Traefik is young and ambitious David: it allows you to write and maintain routing quickly and deftly: the config file is predictable, understandable, and flexible. He follows the rules of common sense. Yes, it is operating slower than Nginx, but integrating Traefik to the project is so simple that you can win any deadlines, especially if you are using Docker/Compose/K8S. It also already has internal analytics.

Hunting for "fastest tools ever" and selecting them without considering how impactful could be the price of this speed is not working nowadays. You can gain a dozen unnotable percent (8.5ms instead of 10ms) and sacrifice simplicity and speed of development which would shift releases of MVP and the next features.

Such flat thinking model is most likely caused by emotional flashbacks related to slowness issues caused by wrong architecture design and wrong data structures.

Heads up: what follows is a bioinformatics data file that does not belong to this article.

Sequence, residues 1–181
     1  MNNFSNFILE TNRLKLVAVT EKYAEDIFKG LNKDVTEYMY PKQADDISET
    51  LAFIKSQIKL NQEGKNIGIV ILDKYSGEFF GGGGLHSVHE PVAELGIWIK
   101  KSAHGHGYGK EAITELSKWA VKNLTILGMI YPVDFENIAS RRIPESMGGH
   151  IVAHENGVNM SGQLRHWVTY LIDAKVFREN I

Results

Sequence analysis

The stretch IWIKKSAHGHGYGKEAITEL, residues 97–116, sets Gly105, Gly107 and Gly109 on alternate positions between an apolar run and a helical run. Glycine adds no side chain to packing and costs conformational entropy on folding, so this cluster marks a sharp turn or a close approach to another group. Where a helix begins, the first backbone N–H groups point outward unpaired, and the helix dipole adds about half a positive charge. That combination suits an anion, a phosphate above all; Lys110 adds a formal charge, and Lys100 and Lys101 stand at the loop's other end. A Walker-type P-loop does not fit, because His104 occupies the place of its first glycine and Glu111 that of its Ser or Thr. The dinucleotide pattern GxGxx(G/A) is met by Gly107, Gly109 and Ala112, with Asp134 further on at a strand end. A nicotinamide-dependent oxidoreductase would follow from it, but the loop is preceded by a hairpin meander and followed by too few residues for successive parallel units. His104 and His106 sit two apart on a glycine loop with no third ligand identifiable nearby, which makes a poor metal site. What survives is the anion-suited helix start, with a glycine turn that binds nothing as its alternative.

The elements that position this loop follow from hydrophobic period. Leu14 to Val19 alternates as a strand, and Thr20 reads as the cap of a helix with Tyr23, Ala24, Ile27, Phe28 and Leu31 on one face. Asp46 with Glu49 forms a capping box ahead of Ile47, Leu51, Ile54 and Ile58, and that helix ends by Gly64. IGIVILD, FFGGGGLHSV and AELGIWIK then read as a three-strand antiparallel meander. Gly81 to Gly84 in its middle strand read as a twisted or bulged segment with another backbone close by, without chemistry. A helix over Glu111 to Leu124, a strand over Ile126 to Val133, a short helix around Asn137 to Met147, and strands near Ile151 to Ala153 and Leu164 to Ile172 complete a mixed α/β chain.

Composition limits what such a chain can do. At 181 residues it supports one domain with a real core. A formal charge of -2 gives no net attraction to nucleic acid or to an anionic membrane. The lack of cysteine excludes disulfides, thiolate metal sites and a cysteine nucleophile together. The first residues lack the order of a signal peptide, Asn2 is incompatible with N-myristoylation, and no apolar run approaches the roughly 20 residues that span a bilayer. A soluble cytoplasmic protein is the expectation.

In reality we don't code web apps on assembler because it is fast. We would probably do it if developing on assembler would not be so slow and as a result, so expansive. We also don't create ASICs for every algorithm just because it would give us rapid calculation speed. However, when we need run crypto miners at scale for a long time we ignore their cost and time of development and still use them.

So unless you are a company which main business is HTTP proxying like Cloudflare, or large-scale corporation like Google, most likely your stakeholders will appreciate faster feature delivery over a couple of unnoticed milliseconds spent on linear proxying speed.

Assuming risks in changing VUCA world, each successful product or feature deserves to appear on the market as soon as possible, and when it will be overloaded with users and profits gained from them, then still the better strategy would be to scale servers horizontally first, instead of trying saving a couple of loops on one machine by using unmodern hardly-maintainable tools designed for hardware of previous decades like Nginx.